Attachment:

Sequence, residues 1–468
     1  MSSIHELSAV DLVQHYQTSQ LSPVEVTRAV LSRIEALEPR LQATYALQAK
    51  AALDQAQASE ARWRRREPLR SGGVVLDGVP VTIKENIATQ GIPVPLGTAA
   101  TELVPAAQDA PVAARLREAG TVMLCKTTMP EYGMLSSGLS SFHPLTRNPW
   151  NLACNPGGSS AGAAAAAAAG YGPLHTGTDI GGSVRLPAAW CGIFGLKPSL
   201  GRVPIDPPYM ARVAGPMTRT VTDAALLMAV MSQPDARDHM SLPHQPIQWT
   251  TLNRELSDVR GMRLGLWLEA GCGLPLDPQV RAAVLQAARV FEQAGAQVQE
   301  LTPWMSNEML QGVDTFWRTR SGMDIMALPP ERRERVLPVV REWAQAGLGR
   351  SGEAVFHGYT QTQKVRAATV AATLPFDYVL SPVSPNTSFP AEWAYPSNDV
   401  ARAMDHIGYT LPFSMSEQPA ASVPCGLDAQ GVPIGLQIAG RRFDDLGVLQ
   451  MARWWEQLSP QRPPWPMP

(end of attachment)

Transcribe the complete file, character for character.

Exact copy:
Sequence, residues 1–468
     1  MSSIHELSAV DLVQHYQTSQ LSPVEVTRAV LSRIEALEPR LQATYALQAK
    51  AALDQAQASE ARWRRREPLR SGGVVLDGVP VTIKENIATQ GIPVPLGTAA
   101  TELVPAAQDA PVAARLREAG TVMLCKTTMP EYGMLSSGLS SFHPLTRNPW
   151  NLACNPGGSS AGAAAAAAAG YGPLHTGTDI GGSVRLPAAW CGIFGLKPSL
   201  GRVPIDPPYM ARVAGPMTRT VTDAALLMAV MSQPDARDHM SLPHQPIQWT
   251  TLNRELSDVR GMRLGLWLEA GCGLPLDPQV RAAVLQAARV FEQAGAQVQE
   301  LTPWMSNEML QGVDTFWRTR SGMDIMALPP ERRERVLPVV REWAQAGLGR
   351  SGEAVFHGYT QTQKVRAATV AATLPFDYVL SPVSPNTSFP AEWAYPSNDV
   401  ARAMDHIGYT LPFSMSEQPA ASVPCGLDAQ GVPIGLQIAG RRFDDLGVLQ
   451  MARWWEQLSP QRPPWPMP